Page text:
‘Cord-Keepers’ Dominate in New Study of Pay TV Subs

Amid all the talk about cord-cutting, the majority of television consumers say they plan to keep their pay TV subscriptions, although the number of cord-keepers is slowly shrinking, according to a new survey.

Media research firm GfK MRI said 71% of the U.S. population is corded and planning to stay that way when asked about the next six months.

That share has been inching downward since MRI began studying the cord-cutting evolution in 2015 with surveys every four months, according to Karen Ramspacher, senior vice president of Innovation & Insights. In the 2015 survey, 77% said they expected to keep their cord.

The decline is sharper among younger viewers in the 18 to 34 age bracket. In that demographic, those loyal to traditional pay TV services fell to 58% in the latest survey, from 67% in 2015.

Among those age 50 and older, 80% said they’ll keep the cord. The July findings come from MRI’s Cord Evolution research and are based on 24,000 in-person, in-home interviews.

Cord-cutting has been a big issue in the TV business because of the squeeze it puts on network distribution revenue growth.

According to MoffettNathanson Research, pay TV subscribers dropped 3.3% in Q2 from the previous year. That was a slight improvement from the first quarter, when subscribers fell 3.4%.

With virtual multichannel video programming distributors factored in, the number of households paying for a subscription including live TV rose year-over-year for the first time since 2012, MoffettNathanson said.

Related: Pay TV Subscriber Losses Dropped to About 415,000 in Q2 as vMVPDs Continue to Grow

In the MRI study, the top rationale consumers gave for keeping pay TV was that they were used to it.

“They love the lean-back experience and that they can just turn on the TV and go to whatever they want,” Ramspacher said. “And the bundle is keeping them, because they’re bundled in with their internet and their telephone.”

There are also consumers who are adding to their pay TV by adding premium services, such as HBO and Starz, she added.

MRI says that 55% of the corded consumers stack streaming services on top of their baseline pay TV package, with 48% paying for an over-the-top subscription, 13% using free streaming and 11% using TV network apps. The numbers are higher for younger viewers, with 76% of them stacking streaming on top of traditional pay TV.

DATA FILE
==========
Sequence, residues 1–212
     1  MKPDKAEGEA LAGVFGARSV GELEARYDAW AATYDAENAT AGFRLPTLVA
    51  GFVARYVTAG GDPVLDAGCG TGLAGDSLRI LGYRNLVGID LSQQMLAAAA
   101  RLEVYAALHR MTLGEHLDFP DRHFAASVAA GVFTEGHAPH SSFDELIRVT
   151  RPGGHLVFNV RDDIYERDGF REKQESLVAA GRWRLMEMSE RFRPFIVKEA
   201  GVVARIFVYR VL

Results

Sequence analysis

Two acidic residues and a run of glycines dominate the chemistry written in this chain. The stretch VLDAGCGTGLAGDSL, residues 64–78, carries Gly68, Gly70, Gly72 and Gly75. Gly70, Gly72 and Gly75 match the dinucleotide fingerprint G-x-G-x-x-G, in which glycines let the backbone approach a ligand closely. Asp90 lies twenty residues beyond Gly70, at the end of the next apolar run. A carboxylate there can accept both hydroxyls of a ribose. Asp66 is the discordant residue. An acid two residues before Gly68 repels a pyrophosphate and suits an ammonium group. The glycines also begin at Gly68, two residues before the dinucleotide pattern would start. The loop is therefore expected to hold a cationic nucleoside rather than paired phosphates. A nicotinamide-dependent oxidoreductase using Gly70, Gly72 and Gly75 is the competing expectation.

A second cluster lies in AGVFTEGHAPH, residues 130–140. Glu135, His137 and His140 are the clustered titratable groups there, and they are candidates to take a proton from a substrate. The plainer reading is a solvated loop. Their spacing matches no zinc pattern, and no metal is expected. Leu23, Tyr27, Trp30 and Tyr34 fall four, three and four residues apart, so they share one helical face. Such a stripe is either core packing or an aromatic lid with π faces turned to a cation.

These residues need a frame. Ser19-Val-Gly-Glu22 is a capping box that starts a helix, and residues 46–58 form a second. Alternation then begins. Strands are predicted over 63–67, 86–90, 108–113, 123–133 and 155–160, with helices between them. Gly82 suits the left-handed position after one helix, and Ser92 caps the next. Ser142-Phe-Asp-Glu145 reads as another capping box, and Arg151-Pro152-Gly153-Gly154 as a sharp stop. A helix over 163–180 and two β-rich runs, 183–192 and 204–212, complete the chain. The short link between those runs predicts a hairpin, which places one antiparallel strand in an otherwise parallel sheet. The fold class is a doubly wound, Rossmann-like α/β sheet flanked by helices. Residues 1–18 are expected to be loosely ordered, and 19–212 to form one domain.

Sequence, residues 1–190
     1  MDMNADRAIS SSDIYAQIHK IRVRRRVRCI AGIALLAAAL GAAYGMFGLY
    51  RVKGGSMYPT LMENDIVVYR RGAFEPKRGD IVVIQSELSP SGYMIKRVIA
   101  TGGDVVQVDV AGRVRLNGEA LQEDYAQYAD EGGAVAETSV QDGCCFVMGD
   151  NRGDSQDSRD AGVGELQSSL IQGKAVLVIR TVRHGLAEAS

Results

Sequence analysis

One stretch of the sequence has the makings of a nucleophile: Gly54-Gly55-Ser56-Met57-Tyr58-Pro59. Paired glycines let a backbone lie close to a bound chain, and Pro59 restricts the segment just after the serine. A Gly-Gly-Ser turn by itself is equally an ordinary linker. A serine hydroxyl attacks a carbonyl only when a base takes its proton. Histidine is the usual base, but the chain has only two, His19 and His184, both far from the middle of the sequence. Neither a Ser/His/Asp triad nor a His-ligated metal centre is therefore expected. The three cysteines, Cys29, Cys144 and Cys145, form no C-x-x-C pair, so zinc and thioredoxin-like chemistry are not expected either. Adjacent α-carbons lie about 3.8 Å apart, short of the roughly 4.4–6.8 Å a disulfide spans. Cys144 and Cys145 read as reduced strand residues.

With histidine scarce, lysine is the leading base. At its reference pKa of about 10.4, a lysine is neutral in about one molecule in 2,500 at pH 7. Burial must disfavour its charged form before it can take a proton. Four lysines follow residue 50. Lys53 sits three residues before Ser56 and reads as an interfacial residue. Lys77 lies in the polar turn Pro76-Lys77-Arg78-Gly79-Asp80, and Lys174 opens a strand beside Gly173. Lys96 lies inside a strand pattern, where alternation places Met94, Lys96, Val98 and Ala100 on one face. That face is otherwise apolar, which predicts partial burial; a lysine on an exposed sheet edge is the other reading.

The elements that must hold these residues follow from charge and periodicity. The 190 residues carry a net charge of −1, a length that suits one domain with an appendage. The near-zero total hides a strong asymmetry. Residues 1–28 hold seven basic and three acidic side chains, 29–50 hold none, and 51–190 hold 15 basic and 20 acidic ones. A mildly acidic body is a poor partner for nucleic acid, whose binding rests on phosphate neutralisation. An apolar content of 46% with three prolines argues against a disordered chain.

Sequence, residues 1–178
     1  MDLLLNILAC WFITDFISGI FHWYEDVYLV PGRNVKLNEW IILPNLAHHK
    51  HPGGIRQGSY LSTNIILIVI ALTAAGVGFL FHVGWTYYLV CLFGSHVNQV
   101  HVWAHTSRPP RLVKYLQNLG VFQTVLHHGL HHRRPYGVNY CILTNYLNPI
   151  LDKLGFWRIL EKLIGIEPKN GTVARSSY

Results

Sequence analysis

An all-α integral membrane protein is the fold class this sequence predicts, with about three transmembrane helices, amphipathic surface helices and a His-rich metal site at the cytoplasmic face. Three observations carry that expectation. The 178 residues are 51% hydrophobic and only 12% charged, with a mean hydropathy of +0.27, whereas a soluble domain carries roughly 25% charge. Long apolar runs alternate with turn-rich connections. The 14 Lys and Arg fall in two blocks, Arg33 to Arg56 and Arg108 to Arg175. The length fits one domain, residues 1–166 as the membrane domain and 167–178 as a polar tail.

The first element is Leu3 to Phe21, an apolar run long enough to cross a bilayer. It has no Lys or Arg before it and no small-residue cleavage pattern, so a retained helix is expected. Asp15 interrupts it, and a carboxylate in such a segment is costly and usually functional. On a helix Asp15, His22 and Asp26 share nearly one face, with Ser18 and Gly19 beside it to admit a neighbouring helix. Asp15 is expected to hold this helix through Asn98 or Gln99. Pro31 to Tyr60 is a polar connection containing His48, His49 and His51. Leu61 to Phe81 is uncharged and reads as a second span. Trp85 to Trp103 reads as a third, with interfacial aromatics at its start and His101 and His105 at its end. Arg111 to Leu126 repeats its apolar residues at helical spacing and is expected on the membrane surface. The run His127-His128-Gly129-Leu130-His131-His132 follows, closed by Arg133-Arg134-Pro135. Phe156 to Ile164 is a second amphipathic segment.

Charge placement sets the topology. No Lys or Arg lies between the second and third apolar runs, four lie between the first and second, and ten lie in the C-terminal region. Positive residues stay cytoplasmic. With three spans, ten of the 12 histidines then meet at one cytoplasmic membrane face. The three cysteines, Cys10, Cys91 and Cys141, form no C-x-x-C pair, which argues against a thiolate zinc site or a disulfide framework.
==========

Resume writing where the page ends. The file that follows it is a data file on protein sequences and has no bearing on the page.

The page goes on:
By contrast, only about 12% of the population said they have cut the cable cord and 3% identified themselves as cord-cutting intenders.

Not Just About Price

The most important reason viewers gave for cutting the cord is that they are watching streaming services such as Netflix, Hulu and Amazon’s Prime Video, as cited by 33% of that group.

Related: Comcast Integrating Amazon Prime Video Into X1 Platform

The secondary reason is that they think their TV package is too expensive.

Ramspacher noted that a ton of people — close to 70% of consumers — are streaming, according to the survey.

The top benefit of streaming is that it’s convenient, allowing consumers to watch anywhere on any device.

The second most frequently mentioned plus for streaming services is that they offer a large selection of TV shows, movies and video.

The third-ranked positive is that some shows are available only through streaming. “I think that speaks to the benefit of the originals,” Ramspacher said.

Looking forward, SMI said streaming services will move into the live TV business with skinny bundle vMVPDs like Hulu’s live service and YouTube TV.

To compete, traditional TV providers have to keep doing what they do best, which is create the shows that people want to watch.

“Consumers don’t care where their service comes from,” Ramspacher said. “They never have. All providers need to make it easy to subscribe, to pay the bill, to navigate the service. As long as they do that and reach the viewers where they are, we’re going to keep having a healthy TV industry.”

Jon Lafayette

Jon has been business editor of Broadcasting+Cable since 2010. He focuses on revenue-generating activities, including advertising and distribution, as well as executive intrigue and merger and acquisition activity. Just about any story is fair game, if a dollar sign can make its way into the article. Before B+C, Jon covered the industry for TVWeek, Cable World, Electronic Media, Advertising Age and The New York Post. A native New Yorker, Jon is hiding in plain sight in the suburbs of Chicago.